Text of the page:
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8 Tips If Your Kindergartener Plays Alone

Kindergarten is a place for children to learn, play, and develop social skills. If your child prefers to play alone, should you worry?

You’ve noticed your kid never seems to want to invite friends over. When you ask him about his day at kindergarten, he talks about what he did alone. He never mentions playing with other kids.

Children Don’t Have To Be Sociable

It can be hard to accept your child’s preference for solitary play, especially if you’re sociable. You might wonder if there’s something wrong with your kid, the school or the other kids. You might wonder if you should do something about it.

A child who prefers his or her own company is not a reason to worry. It could just be a personality difference. Your child could be shy but perfectly happy.

Is She Happy Being Alone?

Like adults, some children are more introverted than others. They enjoy spending time in quiet, solitary pursuits like reading or drawing. If your child seems content doing this, she just prefers being alone.

Don’t force a shy, introverted child to be more outgoing. Let her move at her own pace when forming friendships.

Even a solitary child should have at least one or two friends, however. If your kid doesn’t have anyone she talks to or plays with at all, that might be a reason for concern. She doesn’t have to be a social butterfly, but she should be able to make an emotional and social connection with someone else her age.

Does He Have Poor Social Skills?

Some children want to make friends with others, but they don’t know how to do it. That’s not unusual. Some adults have the same problem. Making friendly conversation doesn’t come naturally to everyone. Your child may just need some guidance and some practice.

If your child isn’t able to make friends with the other children, his days at school will be lonely and frustrating. If you suspect that’s what is going on, talk to your child about it.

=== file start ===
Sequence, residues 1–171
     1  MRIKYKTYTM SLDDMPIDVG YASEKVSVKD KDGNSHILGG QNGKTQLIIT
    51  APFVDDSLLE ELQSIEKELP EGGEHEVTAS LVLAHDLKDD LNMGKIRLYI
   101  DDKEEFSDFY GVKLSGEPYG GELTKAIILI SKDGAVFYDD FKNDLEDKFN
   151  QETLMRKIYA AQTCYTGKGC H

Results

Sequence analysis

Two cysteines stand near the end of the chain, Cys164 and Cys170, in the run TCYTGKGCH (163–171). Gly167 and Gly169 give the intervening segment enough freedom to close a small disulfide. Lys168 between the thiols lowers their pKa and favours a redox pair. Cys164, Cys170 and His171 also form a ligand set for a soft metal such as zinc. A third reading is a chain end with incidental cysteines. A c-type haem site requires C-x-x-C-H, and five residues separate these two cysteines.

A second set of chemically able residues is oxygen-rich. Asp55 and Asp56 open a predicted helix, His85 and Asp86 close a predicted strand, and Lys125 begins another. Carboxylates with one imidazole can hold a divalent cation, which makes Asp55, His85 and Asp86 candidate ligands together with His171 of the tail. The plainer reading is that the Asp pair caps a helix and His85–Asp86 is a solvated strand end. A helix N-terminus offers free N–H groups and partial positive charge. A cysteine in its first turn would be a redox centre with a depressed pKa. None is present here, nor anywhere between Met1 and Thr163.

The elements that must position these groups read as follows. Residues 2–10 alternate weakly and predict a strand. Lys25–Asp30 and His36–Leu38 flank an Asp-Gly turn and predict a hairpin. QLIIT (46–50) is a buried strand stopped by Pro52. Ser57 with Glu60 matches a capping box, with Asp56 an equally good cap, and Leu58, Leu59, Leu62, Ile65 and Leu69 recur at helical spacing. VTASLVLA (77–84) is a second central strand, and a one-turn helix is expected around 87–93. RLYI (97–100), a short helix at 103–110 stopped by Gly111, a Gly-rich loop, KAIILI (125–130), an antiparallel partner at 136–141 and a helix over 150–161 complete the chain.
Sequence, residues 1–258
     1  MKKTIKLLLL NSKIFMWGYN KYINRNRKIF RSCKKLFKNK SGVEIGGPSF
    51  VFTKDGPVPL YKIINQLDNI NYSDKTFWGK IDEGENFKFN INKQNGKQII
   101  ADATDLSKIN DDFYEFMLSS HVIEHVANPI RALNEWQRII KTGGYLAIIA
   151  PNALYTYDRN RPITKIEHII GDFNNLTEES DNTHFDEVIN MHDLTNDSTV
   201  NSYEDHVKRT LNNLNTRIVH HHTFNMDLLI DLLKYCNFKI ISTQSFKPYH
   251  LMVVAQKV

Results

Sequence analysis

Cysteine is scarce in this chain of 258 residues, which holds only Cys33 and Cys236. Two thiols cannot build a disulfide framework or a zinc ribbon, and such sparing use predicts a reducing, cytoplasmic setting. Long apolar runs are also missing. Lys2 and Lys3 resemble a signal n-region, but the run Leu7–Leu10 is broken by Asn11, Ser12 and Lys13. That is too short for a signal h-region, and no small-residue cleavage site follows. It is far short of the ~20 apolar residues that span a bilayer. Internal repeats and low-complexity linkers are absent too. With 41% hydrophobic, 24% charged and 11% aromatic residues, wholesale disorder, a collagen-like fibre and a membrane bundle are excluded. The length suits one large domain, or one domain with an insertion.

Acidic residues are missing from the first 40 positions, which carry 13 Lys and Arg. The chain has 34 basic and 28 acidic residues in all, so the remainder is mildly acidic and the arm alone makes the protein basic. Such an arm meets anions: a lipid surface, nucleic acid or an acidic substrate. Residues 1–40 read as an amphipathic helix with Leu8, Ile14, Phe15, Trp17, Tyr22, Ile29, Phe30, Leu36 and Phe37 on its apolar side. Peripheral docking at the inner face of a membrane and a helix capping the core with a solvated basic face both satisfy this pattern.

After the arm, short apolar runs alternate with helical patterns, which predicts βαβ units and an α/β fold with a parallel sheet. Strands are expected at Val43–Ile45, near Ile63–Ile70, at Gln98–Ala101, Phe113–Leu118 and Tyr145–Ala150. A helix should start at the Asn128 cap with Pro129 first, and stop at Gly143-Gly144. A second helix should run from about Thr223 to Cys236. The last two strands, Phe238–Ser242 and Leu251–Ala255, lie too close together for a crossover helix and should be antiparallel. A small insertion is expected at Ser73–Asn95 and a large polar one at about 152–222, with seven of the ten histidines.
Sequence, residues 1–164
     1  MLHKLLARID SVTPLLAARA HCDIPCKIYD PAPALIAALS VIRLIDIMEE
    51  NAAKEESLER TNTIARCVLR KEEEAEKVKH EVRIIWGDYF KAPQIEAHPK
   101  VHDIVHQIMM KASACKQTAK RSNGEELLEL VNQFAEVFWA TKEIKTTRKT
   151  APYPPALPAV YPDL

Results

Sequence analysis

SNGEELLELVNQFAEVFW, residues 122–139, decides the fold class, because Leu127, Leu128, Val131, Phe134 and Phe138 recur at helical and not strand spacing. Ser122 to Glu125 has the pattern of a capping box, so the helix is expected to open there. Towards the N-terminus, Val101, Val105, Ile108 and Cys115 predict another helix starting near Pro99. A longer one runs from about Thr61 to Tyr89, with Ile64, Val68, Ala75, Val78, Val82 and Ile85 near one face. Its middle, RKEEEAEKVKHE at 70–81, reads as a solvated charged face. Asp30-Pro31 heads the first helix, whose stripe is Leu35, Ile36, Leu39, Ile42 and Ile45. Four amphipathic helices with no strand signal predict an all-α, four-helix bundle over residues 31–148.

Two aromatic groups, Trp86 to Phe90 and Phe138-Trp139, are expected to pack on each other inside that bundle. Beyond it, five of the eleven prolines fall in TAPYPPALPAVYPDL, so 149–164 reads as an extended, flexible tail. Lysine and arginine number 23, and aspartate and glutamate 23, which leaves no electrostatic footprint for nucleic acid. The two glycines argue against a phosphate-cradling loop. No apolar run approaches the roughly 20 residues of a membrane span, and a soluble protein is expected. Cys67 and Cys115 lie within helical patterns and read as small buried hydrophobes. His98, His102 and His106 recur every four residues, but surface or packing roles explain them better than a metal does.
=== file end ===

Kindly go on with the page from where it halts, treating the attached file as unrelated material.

Help Your Child Develop Social Skills

You can help your kid develop better skills at interacting with other kids. Ask him gently about his efforts to make friends at school. If you can arrange a play date, watch his behavior with the other child. After the play date, you can talk about what worked and what didn’t.

Be gentle with your child. Don’t sound like you’re criticizing him for his inability to make friends. Continue offering gentle suggestions and encouragement.

How Does She Talk About Other Children?

When your child talks about other children, watch for signs of anger or antisocial feelings. If she says she “hates” them, ask her why. She could feel rejected because of her shyness, or she could feel true antisocial anger toward them.

Talk To Your Child’s Teacher

Your child’s kindergarten teacher can be a valuable resource. Find out if the teacher has concerns about your child’s self-imposed solitude. Does your child look sad, withdrawn, lonely or angry? It’s good to get an outside opinion, but you know your kid best.

When Should You Worry?

If your kid isn’t on friendly, cordial terms with anyone her age, that might be a warning. She might be doing something that turns other kids off, or she might have hostile feelings towards other children.

These problems can lead to antisocial behavior, which will only get worse if you don’t correct it in childhood. If your child’s antisocial tendencies seem to persist past kindergarten, it might be time to consider counseling for your kid.

Most Shy Children Are Happy and Healthy

In most cases, an introverted, solitary child is completely normal and healthy. If your kid is content to play alone and doesn’t seem lonely or unhappy, you have nothing to worry about.

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